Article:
Again hedges play an important part in the design here, guiding sight lines and adding structure to the plantings. Hedges of rugosa roses, hornbeam, elderberry and viburnum define different areas of the garden.

Old Wesleydale, Tasmania

Scott travelled to England to study the ancient craft of laying hawthorn hedges so that he could faithfully restore the kilometres of hawthorn hedges first laid by Irish and Scottish settlers to the area in the 1840s. Hedge laying involves making a partial cut in semi-mature wood then laying down and securing that cut stem. Suckers grow from the cuts and a dense hedge forms. That’s the 25-words-or-less explanation; the real thing is a bit more complicated, but Scott is now taking classes to spread the skill of maintaining our important landscape hedges.

One of the other historical landscape features of the garden that adds a special quality is the ha-ha at the front of property. The ha ha is an invisible but impenetrable barrier between the stock paddock and the garden, drawing the bucolic rural landscape into the garden without the visual interference of a fence. First developed in 17th century France, a ha ha consists of a steep sharp slope running into a rock or masonry retaining wall. Scott and Deb spent four years building their ha ha, using basalt and dolerite rock collected around the farm. The ha ha is typical of the approach of these two inspiring gardeners whose appreciation of history and old skills is matched by playful personal expression.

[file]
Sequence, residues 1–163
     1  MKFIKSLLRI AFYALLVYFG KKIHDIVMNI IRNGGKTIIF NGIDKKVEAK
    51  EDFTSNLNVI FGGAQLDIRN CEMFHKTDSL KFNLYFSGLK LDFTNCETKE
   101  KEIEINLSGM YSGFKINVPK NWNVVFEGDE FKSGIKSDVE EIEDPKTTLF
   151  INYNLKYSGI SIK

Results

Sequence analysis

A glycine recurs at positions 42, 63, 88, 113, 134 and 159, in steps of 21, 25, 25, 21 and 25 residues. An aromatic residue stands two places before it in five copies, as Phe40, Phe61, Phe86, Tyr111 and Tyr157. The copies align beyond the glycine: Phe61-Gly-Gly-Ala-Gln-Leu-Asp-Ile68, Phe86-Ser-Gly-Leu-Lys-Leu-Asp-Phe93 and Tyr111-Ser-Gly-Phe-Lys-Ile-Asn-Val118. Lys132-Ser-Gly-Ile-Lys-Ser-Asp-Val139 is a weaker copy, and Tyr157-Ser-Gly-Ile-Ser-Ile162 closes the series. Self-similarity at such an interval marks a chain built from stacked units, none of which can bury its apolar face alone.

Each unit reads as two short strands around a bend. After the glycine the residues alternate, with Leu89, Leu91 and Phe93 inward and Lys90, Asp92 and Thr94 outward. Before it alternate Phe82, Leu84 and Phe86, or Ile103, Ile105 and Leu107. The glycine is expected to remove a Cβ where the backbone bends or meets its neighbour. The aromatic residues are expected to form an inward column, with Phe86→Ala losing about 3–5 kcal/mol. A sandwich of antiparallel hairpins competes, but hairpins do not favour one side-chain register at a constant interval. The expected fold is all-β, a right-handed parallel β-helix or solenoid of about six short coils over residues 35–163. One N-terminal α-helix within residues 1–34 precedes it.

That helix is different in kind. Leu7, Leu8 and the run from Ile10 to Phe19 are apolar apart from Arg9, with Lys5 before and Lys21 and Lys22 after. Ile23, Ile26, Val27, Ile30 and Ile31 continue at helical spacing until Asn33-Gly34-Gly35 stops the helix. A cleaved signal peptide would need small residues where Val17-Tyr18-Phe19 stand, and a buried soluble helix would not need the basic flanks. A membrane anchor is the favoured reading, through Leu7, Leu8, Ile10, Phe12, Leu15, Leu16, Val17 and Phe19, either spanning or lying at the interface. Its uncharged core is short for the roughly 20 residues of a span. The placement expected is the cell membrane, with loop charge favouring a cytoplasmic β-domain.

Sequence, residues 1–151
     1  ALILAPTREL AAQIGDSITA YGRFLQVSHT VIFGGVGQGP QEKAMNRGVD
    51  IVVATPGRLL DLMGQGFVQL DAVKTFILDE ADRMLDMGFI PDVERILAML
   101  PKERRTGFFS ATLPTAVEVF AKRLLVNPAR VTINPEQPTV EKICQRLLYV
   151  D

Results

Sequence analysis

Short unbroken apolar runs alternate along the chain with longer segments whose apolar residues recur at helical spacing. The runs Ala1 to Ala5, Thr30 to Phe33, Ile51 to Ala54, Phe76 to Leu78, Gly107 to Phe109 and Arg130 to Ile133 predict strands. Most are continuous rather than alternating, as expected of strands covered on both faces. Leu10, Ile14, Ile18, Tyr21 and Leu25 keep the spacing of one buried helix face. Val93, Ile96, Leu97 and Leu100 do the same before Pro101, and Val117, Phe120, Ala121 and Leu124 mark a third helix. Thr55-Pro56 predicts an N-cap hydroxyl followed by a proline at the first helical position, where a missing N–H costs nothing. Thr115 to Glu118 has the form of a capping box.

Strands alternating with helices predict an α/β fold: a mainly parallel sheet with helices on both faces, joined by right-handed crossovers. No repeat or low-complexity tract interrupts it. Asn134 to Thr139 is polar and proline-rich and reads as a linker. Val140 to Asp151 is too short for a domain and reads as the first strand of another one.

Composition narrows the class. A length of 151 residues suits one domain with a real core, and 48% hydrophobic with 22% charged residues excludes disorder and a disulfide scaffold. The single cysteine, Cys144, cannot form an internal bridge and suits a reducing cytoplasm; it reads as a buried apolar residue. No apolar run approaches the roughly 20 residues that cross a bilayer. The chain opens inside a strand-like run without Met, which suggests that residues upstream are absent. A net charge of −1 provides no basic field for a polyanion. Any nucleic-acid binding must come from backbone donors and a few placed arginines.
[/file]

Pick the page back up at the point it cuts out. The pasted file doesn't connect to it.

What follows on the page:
**You can stay in the old stone cottage on the property and pretend this gorgeous garden is yours for a bit. Details here.